Certain health topics can be awkward to talk about, but for Molly Davidson, telling her story gets easier with age.

The 58-year-old wants women to know they’re not alone.

It’s been 13 years since Davidson first experienced searing pain in her vulva and pelvic area, the effects of a somewhat mysterious disorder called vulvodynia that emerged during perimenopause.

She’s been on a quest to resolve this and related health issues ever since.

“When the vulvar pain came, it was—it was a 10 (on the pain scale) every day,” Davidson said. “I would wake up in the morning pain free, and then by 6 o’clock I was literally in the fetal position.”

A native of metro Detroit, Davidson saw pain specialists and women’s health experts as close to home as Ann Arbor and Troy, Michigan, and as far away as San Francisco. Her symptoms proved complex and the results of treatment, mixed.

She adjusted to the pain, wearing only loose-fitting clothing and avoiding long periods of sitting. In 2009 she left her mortgage banking job and went on disability for vulvar pain and other chronic conditions, including Lyme disease.

Better answers

When her San Francisco physician retired, Davidson assembled a new medical team, hoping for new and better answers.

Her search took a big leap forward in late 2017, thanks to an international Facebook forum for women with an autoimmune skin disorder called lichen sclerosus, which she knew was one cause of her vulvar pain.

This online group of more than 5,500 women keeps a list of recommended women’s health specialists worldwide. On this list was Diana Bitner, MD, an obstetrician gynecologist with the Spectrum Health Midlife, Menopause & Sexual Health team who practices just 3 miles from Davidson’s new home in Grand Rapids, Michigan.

“The fact that I found her here completely blew me away,” she said. “It’s a wonderful thing.”

She set up an appointment and met Dr. Bitner for the first time in November.

After reviewing Davidson’s medical history, Dr. Bitner performed a physical exam. She confirmed the diagnosis of lichen sclerosus, noting that while the ailment is common, it’s seldom diagnosed except in the late stages.

“Most doctors have never heard of it, or they think it’s extremely rare,” Davidson said. To have Dr. Bitner recognize it immediately “was really refreshing.”

Dr. Bitner said lichen sclerosus can be associated with a cluster syndrome called Genitourinary Syndrome of Menopause, which involves the genitals and the bladder system. Many of the syndrome’s symptoms are caused by low estrogen, though the triggers for lichen sclerosus are unknown.

But this wasn’t the only issue Davidson’s examination revealed. Dr. Bitner also diagnosed something no physician had detected before: high-tone pelvic floor dysfunction—like a charley horse in the muscles of the pelvis.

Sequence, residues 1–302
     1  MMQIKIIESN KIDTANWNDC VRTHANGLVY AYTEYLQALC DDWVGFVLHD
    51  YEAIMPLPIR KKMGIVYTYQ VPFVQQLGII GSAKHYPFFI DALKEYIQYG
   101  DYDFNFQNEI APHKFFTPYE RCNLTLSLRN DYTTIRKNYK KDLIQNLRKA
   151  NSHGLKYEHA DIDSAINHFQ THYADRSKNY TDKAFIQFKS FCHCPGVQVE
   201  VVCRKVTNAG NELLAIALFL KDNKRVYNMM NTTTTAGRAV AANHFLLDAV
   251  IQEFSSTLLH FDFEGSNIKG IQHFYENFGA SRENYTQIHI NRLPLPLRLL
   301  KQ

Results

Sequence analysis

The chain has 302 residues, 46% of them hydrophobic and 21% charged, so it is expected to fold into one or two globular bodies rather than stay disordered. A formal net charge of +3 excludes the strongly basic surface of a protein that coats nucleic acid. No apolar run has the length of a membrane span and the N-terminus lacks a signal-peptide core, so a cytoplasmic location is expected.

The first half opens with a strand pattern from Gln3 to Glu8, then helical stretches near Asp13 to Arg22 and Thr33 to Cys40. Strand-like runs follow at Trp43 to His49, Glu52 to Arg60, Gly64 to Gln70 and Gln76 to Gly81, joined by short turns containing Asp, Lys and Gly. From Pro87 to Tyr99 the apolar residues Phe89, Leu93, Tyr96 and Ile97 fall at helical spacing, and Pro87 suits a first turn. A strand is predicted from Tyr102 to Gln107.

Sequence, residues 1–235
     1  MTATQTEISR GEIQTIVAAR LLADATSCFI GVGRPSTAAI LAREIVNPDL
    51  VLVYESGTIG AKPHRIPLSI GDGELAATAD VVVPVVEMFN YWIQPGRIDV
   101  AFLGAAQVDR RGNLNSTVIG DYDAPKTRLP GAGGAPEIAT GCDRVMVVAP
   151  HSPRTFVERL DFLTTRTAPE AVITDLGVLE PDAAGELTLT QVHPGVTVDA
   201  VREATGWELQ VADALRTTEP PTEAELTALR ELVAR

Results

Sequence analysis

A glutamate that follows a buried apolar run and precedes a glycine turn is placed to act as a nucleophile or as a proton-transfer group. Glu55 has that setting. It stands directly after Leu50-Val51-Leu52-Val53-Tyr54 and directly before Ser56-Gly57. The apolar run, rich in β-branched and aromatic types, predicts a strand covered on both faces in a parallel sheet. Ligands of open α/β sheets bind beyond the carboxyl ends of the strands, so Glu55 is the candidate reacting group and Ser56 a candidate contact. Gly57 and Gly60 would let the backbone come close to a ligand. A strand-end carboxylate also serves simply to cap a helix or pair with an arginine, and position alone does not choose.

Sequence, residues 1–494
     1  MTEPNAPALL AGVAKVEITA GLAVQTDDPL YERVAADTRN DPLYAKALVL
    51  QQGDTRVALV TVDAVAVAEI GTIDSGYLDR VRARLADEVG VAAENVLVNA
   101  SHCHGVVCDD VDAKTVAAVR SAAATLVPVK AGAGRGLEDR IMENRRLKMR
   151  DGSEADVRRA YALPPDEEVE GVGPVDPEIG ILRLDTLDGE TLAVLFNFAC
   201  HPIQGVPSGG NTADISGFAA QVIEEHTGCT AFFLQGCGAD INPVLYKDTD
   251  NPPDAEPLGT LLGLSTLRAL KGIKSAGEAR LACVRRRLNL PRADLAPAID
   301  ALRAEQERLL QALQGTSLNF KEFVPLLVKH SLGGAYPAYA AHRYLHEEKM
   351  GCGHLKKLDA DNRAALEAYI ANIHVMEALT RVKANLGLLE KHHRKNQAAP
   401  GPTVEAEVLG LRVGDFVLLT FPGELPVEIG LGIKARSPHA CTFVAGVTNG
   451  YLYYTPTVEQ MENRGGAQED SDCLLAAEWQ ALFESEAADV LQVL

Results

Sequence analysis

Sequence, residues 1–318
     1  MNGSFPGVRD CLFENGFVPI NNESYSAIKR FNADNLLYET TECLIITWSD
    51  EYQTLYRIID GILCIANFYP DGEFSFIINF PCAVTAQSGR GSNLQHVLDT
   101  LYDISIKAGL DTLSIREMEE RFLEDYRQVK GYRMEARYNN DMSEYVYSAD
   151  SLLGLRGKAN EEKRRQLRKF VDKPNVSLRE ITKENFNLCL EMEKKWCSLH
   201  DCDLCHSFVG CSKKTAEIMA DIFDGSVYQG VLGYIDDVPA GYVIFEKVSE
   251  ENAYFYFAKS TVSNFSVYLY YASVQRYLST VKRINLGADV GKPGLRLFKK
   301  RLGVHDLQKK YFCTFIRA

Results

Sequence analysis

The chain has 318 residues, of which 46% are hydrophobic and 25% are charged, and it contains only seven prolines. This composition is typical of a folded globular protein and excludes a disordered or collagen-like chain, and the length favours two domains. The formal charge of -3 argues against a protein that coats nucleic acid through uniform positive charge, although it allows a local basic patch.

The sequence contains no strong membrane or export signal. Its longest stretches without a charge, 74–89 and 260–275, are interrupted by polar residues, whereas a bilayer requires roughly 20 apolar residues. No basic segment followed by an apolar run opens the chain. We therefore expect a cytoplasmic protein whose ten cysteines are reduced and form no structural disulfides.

Davidson’s translation: “My pelvic muscles were in total spasm.”

That was new information for her.

“Of all the pain specialists that I’ve seen, she caught that on my first visit,” Davidson said. “And I can tell now that that was a problem even back in 2005, when it all started.”

The main fix for these muscle spasms—and the pain and complications they cause—is pelvic floor physical therapy, Dr. Bitner said.

Steady improvement

Davidson now sees Amy Bourne, PT, a physical therapist with the Spectrum Health pelvic floor rehabilitation team. Therapy involves internal and external work with the pelvic floor muscles, as well as exercises Davidson can do at home.

“Pelvic floor physical therapists are so incredible because they watch people walk, they look at hip balance, tone of the hamstrings and abdominal muscles, and they teach the patient to be aware of all of that as they learn to … let those muscles release,” Dr. Bitner said.

It’s about retraining the pelvic muscles to behave in a healthy way after they’ve become too tight. This tightness is often linked to painful intercourse and difficulties with bladder and bowel functions.

For some patients, using a vaginal dilator can teach those muscles to release. In addition, some patients benefit from vaginal valium, Dr. Bitner said.

“It will relax those pelvic floor muscles so they can have sex without pain a couple times, and then the muscles will forget that they have to protect,” she said.

Typically it’s a combination of solutions—estrogen, physical therapy, gentle yoga, vaginal valium, diet and lifestyle changes—that work together to bring resolution for women with vaginal and pelvic disorders related to midlife and menopause.

Many factors are at play, Dr. Bitner said, and she and her team put patients at ease by addressing issues openly.

“You see how we talk about this in such a matter-of-fact, objective way,” she said. “Patients become so comfortable with it. It’s really cool.”

Her goal, she says, is that patients won’t have to think about that part of their body anymore—“that it just does what it’s supposed to do.”

As for Davidson, her symptoms are easing up. The future looks hopeful.

“I’m very encouraged,” she said. “Right now I’d say things are good, but they could get better, and I think they will. I see a light at the end of that tunnel.”